That claustrophobic deuce, located on the opposite side of the reception-desk, put my husband eye-to-eye with the dreaded reservation book and its keeper, in breathing distance of smoke wafting from the bar and, needless to say, in a very foul mood. "There's nothing I hate more," he whispered (as if this was news to me), "than an officious, self-important little (blank-blank) who doesn't know how to treat a paying customer!" "May I bring you something to drink?" asks our chic waitress, arriving just in time. "I'll say," I answer. "And make it a double."
When she left us to ponder our menus and wait for our beverages, I did some silent calculations: baby-sitter at home (check!), four other restaurants on my review-list located within a short drive of this place (check!), cellphone and Zagat guide in the car (check!). Hmmm. "What do you say we go somewhere else?" I ask my husband as the waitress returns with drinks in hand. "Check!" he replied.
Visit No. 2
It's Tuesday night and we have no reservations, but a friend and I are happy to take our chances at 1200 Bistro & Lounge, where business at the bar is again booming. Stepping from the lounge into the adjoining bistro, we note that several parties are already enjoying themselves in the seductively lit sanctum.
Standing at the reception desk, behind which sits the worst table in the house, we're approached by a young man in a tie and long apron. "Take a seat wherever you'd like," he says with a smile, and we make ourselves comfortable at a spacious four-top.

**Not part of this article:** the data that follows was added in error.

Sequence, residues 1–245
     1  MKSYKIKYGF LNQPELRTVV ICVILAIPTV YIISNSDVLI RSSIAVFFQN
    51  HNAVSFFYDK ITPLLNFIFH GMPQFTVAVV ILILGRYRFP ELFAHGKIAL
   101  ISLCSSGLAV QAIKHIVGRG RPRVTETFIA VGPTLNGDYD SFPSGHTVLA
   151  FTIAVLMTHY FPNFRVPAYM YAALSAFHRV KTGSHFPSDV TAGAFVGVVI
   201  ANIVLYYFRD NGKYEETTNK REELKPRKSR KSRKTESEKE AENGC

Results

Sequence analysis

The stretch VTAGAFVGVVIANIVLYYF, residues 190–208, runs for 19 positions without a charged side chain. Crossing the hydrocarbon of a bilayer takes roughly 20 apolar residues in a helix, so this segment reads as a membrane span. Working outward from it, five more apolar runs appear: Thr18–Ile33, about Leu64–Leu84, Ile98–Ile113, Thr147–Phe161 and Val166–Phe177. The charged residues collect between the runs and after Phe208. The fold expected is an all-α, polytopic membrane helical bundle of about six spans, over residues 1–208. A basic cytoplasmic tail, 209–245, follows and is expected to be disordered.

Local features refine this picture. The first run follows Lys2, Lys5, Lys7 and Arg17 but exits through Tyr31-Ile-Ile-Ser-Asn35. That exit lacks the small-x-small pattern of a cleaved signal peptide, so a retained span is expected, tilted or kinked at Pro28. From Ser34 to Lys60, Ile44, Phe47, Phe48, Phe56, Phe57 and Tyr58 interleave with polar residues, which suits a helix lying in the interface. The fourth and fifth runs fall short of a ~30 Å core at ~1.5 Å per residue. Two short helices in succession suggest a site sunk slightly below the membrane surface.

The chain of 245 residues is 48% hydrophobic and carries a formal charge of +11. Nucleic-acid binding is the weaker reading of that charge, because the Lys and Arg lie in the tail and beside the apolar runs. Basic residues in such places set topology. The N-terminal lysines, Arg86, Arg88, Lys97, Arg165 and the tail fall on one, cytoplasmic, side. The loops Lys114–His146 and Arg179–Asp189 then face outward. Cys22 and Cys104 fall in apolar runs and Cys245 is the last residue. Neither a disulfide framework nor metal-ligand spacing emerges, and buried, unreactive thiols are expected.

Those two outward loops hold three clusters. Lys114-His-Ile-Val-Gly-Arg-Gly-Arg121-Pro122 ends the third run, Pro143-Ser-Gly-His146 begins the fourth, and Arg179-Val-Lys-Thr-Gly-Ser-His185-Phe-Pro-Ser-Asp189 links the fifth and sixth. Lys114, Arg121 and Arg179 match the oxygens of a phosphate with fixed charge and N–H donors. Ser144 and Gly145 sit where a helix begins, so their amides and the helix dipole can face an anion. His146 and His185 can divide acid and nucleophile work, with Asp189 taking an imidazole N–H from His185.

Moments later, a waiter arrives to offer cocktails and introduce us to the evening's specials. He describes a deconstructed seafood chowderlike appetizer that sounds too good to be true — and, as we'd later find out, tasted even better than that. This was the kind of server my husband loves: smart, humorous, friendly but not overly so, able to turn an evening out into a joyous event by reading his patrons well.
Our waiter spoke with authority about the menu and the wine list, finding the perfect complement to my grilled pork, an astounding chop served with a rustic rendition of black-eyed peas, cabbage and bacon, sweetened with late-summer peaches. One bite of that chop and my husband would have swooned. Unfortunately, I'll never get him to return to try it — though I certainly respect his reasons for writing the place off.
As for me, I'm so very glad I came back. On second inspection the service was not only exemplary but exceptional, and the food bordered on divine.
So I was wondering: What do you do in similar circumstances? When restaurant service is bad, do you stay or do you go? And if you stay, do you go back? Are you apt to give a place the benefit of the doubt, or is it "Strike one and yer out!"? Drop me a line. I'm betting your feedback will make for an interesting follow-up column.